Sustainable diversion limits

When the Basin Plan was implemented in 2012, the sustainable diversion limit or SDL was set at 10,873 GL. This is the amount of water that can be used by people from rivers in the Murray–Darling Basin. This figure was agreed upon by all Basin States.

Balancing the water needs of communities, industries and the environment is key to achieving a healthy working Basin. Sustainable diversion limits set an environmentally sustainable level of water use.

What is the adjustment mechanism?

The sustainable diversion limit (SDL) adjustment mechanism is a process that Basin States agreed on, that could change the volume of water recovery set under the Murray-Darling Basin Plan.

Through this process, we are trying to find smarter ways of running the river system, while making sure we have a healthy working Basin.

During the development of the Basin Plan prior to 2012, Basin water ministers requested that there be an arrangement in place specific to the Southern Basin, to provide flexibility with water recovery. This arrangement is the SDL adjustment mechanism.

When the Basin Plan was implemented in 2012, the sustainable diversion limit or SDL was set at 10,873 GL. This is the amount of water that can be used by people from rivers in the Murray–Darling Basin. This figure was agreed upon by all Basin States.

To reach this SDL figure, we have to return 2,750 GL of water to the river system to ensure a sustainable future for generations to come. The 2,750 GL is known as the water recovery target.

To reach that target, the southern basin had to contribute 2,289 GL, of which 1,682 GL has now been recovered. The water we still need to recover in the southern basin is 607 GL.

The remainder of the water recovery target will come from the northern basin, and this is being addressed through the Northern Basin Review.

Under the Plan, the SDL adjustment mechanism could lead to a change to the water recovery target up or down by 5%.

This change is based on a series of new state projects that use water more efficiently, allowing for saved water to be returned back to irrigation or environmental use.

State projects

Over the last few years, Basin state governments have been putting forward new projects that look at smarter river management practices and the more efficient and effective use of water.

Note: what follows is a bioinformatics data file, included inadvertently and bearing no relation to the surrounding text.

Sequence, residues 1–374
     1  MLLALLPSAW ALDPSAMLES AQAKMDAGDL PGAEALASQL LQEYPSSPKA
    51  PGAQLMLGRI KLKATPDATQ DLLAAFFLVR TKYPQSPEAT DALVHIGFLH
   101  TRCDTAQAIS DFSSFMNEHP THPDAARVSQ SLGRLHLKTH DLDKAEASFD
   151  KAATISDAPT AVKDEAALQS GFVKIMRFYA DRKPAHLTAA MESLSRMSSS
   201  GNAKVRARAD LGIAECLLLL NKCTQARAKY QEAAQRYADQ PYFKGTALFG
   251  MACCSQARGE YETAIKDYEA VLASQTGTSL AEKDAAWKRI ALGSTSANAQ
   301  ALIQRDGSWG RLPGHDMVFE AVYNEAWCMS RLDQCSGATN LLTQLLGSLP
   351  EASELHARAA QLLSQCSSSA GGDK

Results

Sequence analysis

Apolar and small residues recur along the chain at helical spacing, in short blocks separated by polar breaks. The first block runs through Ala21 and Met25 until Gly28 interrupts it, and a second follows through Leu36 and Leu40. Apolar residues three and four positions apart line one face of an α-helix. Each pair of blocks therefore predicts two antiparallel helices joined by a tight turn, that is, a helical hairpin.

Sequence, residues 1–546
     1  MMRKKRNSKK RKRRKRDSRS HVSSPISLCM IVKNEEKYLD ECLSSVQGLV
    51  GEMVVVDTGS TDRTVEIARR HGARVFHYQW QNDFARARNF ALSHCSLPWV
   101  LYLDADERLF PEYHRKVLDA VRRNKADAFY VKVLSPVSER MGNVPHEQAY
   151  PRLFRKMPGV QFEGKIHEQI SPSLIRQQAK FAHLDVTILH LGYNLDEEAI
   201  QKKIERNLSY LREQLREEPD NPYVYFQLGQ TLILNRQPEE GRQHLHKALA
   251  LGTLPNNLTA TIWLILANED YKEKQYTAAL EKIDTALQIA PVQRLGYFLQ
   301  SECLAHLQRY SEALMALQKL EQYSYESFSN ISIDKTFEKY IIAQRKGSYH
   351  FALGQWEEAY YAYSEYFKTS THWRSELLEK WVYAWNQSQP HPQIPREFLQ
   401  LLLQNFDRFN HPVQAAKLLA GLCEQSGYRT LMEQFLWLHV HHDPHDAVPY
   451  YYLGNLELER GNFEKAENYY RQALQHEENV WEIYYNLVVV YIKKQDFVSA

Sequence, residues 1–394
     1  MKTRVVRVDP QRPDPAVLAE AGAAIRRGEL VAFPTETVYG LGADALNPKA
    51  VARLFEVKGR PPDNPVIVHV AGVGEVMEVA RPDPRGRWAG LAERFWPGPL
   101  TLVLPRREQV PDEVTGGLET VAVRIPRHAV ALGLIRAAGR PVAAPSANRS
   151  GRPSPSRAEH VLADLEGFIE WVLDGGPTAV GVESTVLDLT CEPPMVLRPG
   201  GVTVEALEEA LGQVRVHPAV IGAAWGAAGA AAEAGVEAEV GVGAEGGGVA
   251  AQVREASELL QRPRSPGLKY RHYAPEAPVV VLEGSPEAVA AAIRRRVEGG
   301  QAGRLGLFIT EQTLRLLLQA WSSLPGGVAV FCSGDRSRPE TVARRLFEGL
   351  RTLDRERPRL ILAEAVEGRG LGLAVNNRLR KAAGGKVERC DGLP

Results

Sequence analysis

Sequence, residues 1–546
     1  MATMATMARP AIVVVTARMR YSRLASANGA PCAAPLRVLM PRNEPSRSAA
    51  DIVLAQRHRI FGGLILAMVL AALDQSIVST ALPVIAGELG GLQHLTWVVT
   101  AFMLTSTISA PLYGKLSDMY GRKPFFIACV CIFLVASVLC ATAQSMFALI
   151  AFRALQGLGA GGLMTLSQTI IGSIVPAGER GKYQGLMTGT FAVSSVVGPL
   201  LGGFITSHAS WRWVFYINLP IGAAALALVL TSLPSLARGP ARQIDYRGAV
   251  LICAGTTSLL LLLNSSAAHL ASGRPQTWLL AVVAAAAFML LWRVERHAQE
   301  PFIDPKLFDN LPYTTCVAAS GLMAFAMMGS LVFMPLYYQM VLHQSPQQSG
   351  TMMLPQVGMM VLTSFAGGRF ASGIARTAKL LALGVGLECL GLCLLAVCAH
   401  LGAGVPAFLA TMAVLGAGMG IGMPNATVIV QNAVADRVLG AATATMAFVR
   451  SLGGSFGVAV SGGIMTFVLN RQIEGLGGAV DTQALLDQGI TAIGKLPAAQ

There are three types of projects:

  1. River system projects that change the way the system is managed to achieve equivalent environmental outcomes using less water (eg reconfiguring suitable lakes or storage systems to reduce evaporation).
  2. Water efficiency projects that provide more water for the environment through efficient use of irrigation water (eg lining channels to reduce water loss within the irrigation network).
  3. Projects that make changes to physical structures or river management practices so we can better deliver environmental water.

Australian Government funding is available for efficiency projects that achieve the same or better social and economic outcomes.

Take a look at the list of the projects which have been proposed by Basin governments. For more information about projects in your area, please contact your state water agency.

State governments have until 30 June 2017 to put forward projects and have committed to consulting with their Basin communities.

The MDBA will calculate the amount of change to the SDL from the package of proposals agreed by the states.

What is the 450GL ‘up water’ and 650 GL ‘down water’?

In the Basin Plan, it notes that some governments anticipated that by using environmental water more efficiently, the new river system projects would allow for the water recovery target to be reduced by 650 GL.

However, that figure is greater than the 5% outlined in the Plan.

Alternatively, the Plan also outlined that by using water efficiency projects, we could get an additional 450 GL of water for the environment – as long as the result had the same or better social and economic outcome.

So this means that the water recovery target can’t go down by the full 650 GL amount, without some movement ‘up’ as well.

Making a change to the SDL

A draft determination, or any proposed changes to the SDL and water recovery target of 2750 GL will be available for public consultation in October 2017.

The MDBA will make a recommendation to the Federal Minister for Water, the Hon. Barnaby Joyce by 15 December 2017. A final decision will need to be tabled in Parliament.

The decision will come into effect as state Water Resource Plans are accredited and this process will continue until 2019.

Approved projects under the SDL adjustment mechanism process will be implemented from 2018 through to 2024.